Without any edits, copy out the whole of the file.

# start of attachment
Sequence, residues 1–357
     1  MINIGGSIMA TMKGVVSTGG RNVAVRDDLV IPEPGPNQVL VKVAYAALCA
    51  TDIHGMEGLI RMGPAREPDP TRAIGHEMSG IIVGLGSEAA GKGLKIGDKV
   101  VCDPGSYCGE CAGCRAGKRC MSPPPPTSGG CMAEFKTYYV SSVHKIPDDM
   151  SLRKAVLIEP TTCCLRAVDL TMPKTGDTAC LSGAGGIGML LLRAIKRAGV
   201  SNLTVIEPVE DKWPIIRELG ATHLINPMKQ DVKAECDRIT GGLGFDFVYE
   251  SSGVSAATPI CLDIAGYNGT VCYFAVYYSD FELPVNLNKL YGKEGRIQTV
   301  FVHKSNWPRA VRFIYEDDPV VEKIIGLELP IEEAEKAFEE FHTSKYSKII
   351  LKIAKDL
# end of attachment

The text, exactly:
Sequence, residues 1–357
     1  MINIGGSIMA TMKGVVSTGG RNVAVRDDLV IPEPGPNQVL VKVAYAALCA
    51  TDIHGMEGLI RMGPAREPDP TRAIGHEMSG IIVGLGSEAA GKGLKIGDKV
   101  VCDPGSYCGE CAGCRAGKRC MSPPPPTSGG CMAEFKTYYV SSVHKIPDDM
   151  SLRKAVLIEP TTCCLRAVDL TMPKTGDTAC LSGAGGIGML LLRAIKRAGV
   201  SNLTVIEPVE DKWPIIRELG ATHLINPMKQ DVKAECDRIT GGLGFDFVYE
   251  SSGVSAATPI CLDIAGYNGT VCYFAVYYSD FELPVNLNKL YGKEGRIQTV
   301  FVHKSNWPRA VRFIYEDDPV VEKIIGLELP IEEAEKAFEE FHTSKYSKII
   351  LKIAKDL